I’m very interested in aesthetics, and what makes a “good” photo– or an aesthetically pleasing image, which causes our soul to quiver.
A good photo needs tension. Some drama. Something about to happen. The writer Geoffrey Dyer calls this the “pregnant moment”– the moment before the decisive moment.
For example, the moment before the woman wipes the sweat off her boyfriend. Or the moment before the Lamborghini exits the frame of a photo.
If think about sexual relationships: if we watch a film, we like to see the “build up” of the drama of a couple before something happens.
Even with comedy– a good story happens because there is a “build up” and a tension before the punch-line. Without tension, a joke wouldn’t work.
How to capture tension in your photos:
Practical ways to capture more tension in your photos:
- Capture people about to enter or exit the frame.
- Capture hand gestures
- Capture tension in the eyes of your subject.
A photo or image without emotion is dead.
A photo with emotion: evokes excitement, fear, resentment, joy, sadness, or anxiety.
A tip for yourself, look at your own photo and ask yourself:
Does this photo make me feel something?
What kind of emotion does your photo evoke?
For myself, I am a social cynic and critic. Most of my photos are pretty depressing. My SUITS project shows men stuck in shitty jobs, that are stressful, although well paying. It is a reaction against what I felt when I worked corporate — I felt like a slave.
However more recently, I’m making personal photos of Cindy. These photos are a dynamic opposite: I am celebrating positivity, life, happiness, and the joyful struggle of our relationship.
If my photos don’t cause my viewer to feel something in their heart, I’ve failed as a photographer.
Assignment: Photograph joy and sorrow
For an entire day, photograph only joy. The next day, only photograph sorrow. Make a photo series with 5 joyful photos, and 5 sad photos. See if you can actually feel the emotion in your photos.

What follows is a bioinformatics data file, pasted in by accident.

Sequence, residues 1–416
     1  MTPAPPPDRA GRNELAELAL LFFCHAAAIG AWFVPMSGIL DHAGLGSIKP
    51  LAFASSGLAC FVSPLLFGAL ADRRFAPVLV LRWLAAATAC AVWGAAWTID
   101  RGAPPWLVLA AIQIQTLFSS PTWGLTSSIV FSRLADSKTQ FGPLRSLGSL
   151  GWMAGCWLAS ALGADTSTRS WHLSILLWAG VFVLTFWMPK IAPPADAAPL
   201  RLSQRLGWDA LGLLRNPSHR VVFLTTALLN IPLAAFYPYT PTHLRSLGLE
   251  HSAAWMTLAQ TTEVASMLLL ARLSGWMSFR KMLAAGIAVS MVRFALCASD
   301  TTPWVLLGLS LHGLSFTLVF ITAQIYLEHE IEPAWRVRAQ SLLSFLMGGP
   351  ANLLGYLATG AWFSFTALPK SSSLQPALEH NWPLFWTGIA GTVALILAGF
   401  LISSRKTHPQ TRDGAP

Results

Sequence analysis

III. Be opinionated.
I want to see your opinion in your photos.
Reality is all interpretation. You create your own reality with your photos.
You decide what to include in your photos, and more importantly, what to exclude from your photos.
We both might walk down the same block, and you photograph happy kids playing. I might ignore that, and photograph the lonely man with his fist against his chin. We see the same thing, but there is something that causes us to photograph different things.
It is your opinion or perspective of the world.
Are you an optimist? Pessimist? Cynic? Social justice warrior? Bloodthirsty capitalist? Who are you? And do your photos show your opinion and soul?
All photos are opinion.
Assignment: Show your opinion on a social issue
This assignment is to photograph gentrification. Aka, when rich people come into a poor neighborhood and build a “Whole Foods” expensive grocery store.
How do you feel about it? Make a photo series on gentrification, limited to 10 images. Show your opinion, whether good, bad, or something in between.
Obviously there are a lot more things on what makes a good or bad photo– like composition, simplicity, minimalism, layers, etc.
But ultimately what makes a good photo for me: making photos true to your personal artistic and opinionated view of the world.
The world needs your opinion and perspective. So never water that down.
If you’re new to photography, start here:
- Free Photography Bootcamp
- The Ultimate Beginner’s Guide to Photography
- 100 Photography Tips for Beginners
The Fundamentals of Photography
- Why Photography?
- Everyone is a Photographer
- How to take better pictures
- How to take better selfies
- How to Paint With Light
- Why Bokeh is Overrated
Technical Photography Settings
- The Ultimate Beginner’s Guide to Street Photography
- 70 Street Photography Tips
- 15 Street Photography Techniques
- How to Do What You Love for a Living
- Should I Follow My Passion For a Living?
- How to Create an MVP (Minimum Viable Product)
- What is the Perfect Camera For You?
- What to Consider When Buying a Camera
- More Megapixels, More Problems
- How to Take Better Photos
- How to Capture Emotion in Your Photos
- How to Create a “Curiosity Gap” in Your Photos
- Composition Lesson #1: Triangles
- Composition Lesson #2: Figure-to-ground
- Composition Lesson #3: Diagonals
- 40 Practical Photography Assignments
- 15 Street Photography Assignments
- 25 Photography New Year’s Resolutions
- Street Photography Contact Sheets
- Street Photography Contact Sheets Volume II
- Debunking the “Myth of the Decisive Moment”
- Each Photo You Take is an “Attempt”
- How to Overcome Photographer’s Block
- Why Do You Need “Inspiration” to Shoot?
- Grain is Beautiful
- Are Filters “Cheating” in Photography?
- Video: Introduction to Editing, Processing, and Workflow in Lightroom